Scale models of The Kelpies, the world’s largest pair of equine sculptures, have arrived in Inverness ahead of the World Canals Conference, which is set to welcome more than 300 global delegates to the city.
The 1/10th scale maquettes will stand in the Highland Capital’s Falcon Square from Monday 12th September until Sunday 25th September. The visit follows the sculptures’ stay on the Caledonian Canal at Neptune’s Staircase, the longest lock flight in Britain. The three-metre-tall maquettes, which have toured the world helping to promote Scotland and the Falkirk area as a visitor destination, have previously appeared at major events including New York’s Scotland Week, the Grand National and the Ryder Cup.
The arrival of the maquettes marks start of the countdown to the start of the 2016 World Canals Conference, which returns to Scotland for the first time in more than a decade. The four-day event commences on September 19th and will see more than 300 international waterway experts, business leaders and global professionals celebrate innovative thinking and cutting-edge delivery in a range of disciplines including sustainable tourism development, regeneration, heritage management, climate change and engineering within the iconic landscape of the Scottish Highlands.
Steve Dunlop, Chief Executive of Scottish Canals, said: “The World Canals Conference is set to showcase everything that makes the nation’s historic waterways such incredible places and we’re delighted to bring The Kelpies maquettes to their temporary stables in Inverness to help welcome our attendees to Scotland.
“These magnificent monuments to horse-powered heritage have captured the imaginations of people the world over. They’re a towering tribute to the industrial past of Scotland’s canals, a shining symbol of their bright future, and the perfect way to greet World Canals Conference attendees who are jetting in from all over the globe.”
The colossal, 30-metre-tall Kelpies, which tower over a new section of the historic Forth & Clyde Canal, are the centrepieces of the £43m Helix project. The scheme, driven by a partnership of Falkirk Council and Scottish Canals and supported by an award of £25m from the Big Lottery Fund, has transformed 350 hectares of underused land between Falkirk and Grangemouth into a vibrant parkland, visitor attraction and marine hub with the canal and The Kelpies at its heart.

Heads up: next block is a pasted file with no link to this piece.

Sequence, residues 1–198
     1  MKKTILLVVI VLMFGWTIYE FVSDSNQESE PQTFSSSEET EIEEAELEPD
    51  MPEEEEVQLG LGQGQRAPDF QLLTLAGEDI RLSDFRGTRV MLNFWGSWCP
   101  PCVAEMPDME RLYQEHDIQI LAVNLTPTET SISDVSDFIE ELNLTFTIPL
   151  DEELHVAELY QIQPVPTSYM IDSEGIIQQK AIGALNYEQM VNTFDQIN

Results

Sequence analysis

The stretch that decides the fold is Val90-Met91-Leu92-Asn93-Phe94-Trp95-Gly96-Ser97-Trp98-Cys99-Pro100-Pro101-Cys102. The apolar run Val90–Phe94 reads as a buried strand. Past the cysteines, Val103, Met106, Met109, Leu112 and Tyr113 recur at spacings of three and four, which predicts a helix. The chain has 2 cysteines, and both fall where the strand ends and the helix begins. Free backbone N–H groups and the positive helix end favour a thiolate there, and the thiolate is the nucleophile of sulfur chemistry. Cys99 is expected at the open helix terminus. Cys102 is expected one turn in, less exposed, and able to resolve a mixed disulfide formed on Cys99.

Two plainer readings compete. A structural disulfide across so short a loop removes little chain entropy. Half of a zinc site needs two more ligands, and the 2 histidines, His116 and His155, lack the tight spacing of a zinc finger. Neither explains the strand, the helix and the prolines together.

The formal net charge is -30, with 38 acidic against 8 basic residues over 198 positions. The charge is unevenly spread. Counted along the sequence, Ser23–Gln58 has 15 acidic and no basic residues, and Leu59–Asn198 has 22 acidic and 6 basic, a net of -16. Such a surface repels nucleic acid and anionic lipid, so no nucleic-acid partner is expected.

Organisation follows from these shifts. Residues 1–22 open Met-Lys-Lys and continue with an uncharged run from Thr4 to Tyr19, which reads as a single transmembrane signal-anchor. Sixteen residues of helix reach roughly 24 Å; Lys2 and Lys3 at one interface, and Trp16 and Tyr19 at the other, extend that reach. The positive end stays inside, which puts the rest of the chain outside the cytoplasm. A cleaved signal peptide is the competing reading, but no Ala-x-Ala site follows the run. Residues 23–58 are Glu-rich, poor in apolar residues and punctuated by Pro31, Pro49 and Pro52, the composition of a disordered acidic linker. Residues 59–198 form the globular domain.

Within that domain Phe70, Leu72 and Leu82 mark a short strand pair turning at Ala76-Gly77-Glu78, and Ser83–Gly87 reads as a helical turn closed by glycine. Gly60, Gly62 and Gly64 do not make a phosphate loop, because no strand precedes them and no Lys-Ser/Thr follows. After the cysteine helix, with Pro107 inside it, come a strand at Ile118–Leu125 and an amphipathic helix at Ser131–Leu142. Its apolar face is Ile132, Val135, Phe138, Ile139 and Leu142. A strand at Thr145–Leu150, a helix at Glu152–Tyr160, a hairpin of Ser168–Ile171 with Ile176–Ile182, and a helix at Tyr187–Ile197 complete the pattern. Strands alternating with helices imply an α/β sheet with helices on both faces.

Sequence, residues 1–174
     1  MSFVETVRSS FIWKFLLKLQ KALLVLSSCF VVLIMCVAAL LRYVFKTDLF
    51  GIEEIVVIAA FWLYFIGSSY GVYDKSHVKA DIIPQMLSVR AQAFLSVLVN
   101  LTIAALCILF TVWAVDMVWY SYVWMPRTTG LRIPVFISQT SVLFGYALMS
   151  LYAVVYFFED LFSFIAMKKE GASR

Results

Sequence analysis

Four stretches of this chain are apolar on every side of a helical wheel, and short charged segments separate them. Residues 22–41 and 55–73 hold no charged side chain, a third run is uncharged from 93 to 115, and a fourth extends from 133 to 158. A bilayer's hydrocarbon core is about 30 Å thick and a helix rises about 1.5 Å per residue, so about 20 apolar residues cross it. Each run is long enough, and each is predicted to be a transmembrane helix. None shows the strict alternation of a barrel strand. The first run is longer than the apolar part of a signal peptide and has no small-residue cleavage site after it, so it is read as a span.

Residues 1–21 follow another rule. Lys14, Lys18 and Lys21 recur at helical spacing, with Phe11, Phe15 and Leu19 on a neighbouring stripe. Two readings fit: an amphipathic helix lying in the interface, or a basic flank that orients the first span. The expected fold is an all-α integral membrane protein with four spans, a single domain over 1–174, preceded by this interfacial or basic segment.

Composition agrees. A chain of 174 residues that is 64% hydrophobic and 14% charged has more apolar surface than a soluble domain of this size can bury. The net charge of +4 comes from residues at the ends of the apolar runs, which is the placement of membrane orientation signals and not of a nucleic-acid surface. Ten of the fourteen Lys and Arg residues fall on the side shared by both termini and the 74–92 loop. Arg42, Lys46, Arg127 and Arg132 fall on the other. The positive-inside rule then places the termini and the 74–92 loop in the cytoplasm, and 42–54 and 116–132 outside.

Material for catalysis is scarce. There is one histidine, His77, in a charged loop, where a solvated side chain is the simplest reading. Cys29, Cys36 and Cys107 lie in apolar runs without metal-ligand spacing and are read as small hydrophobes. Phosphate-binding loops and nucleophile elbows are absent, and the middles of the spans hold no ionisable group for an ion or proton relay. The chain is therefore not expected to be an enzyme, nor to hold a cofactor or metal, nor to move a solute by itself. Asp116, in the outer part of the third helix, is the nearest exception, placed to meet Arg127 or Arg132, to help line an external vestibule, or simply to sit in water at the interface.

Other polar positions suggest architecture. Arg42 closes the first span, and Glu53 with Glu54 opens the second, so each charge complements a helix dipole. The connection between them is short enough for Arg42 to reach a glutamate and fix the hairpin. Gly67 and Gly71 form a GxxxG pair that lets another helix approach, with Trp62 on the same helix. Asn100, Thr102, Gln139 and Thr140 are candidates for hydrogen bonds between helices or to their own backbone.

More than two million visitors from all over the world have stood in the shadow of the sculptures since their unveiling in April 2014, bringing renewed vibrancy and income to the area and boosting the local economy by an estimated £1.5m per year. The site is now co-managed by Falkirk Community Trust and Scottish Canals.
A colossal engineering endeavour, inspiration for The Kelpies came from the heavy horses which pulled boats and cargo along the towpaths of the Forth & Clyde and Union Canals in their heyday. The transport arteries of the Industrial Revolution, the canals and the horses that walked them played a huge role in the development of the area. The sculptures’ name was derived from the mythical Celtic water horses which could transform their shape and which were reputed to have the strength of 10 horses and the endurance of many more.
Originally envisioned as a moving boat lift, during the early design process the notion of The Kelpies changed to monumental sculptures symbolising the industrial past of both the canal and the communities that line its banks. Glasgow-based artist Andy Scott – one of Scotland’s best-known sculptors – transformed The Kelpies from idea to reality, imagining a colossal gateway towering either side of the canal to welcome weary sailors and visitors to the nation’s hospitable shores.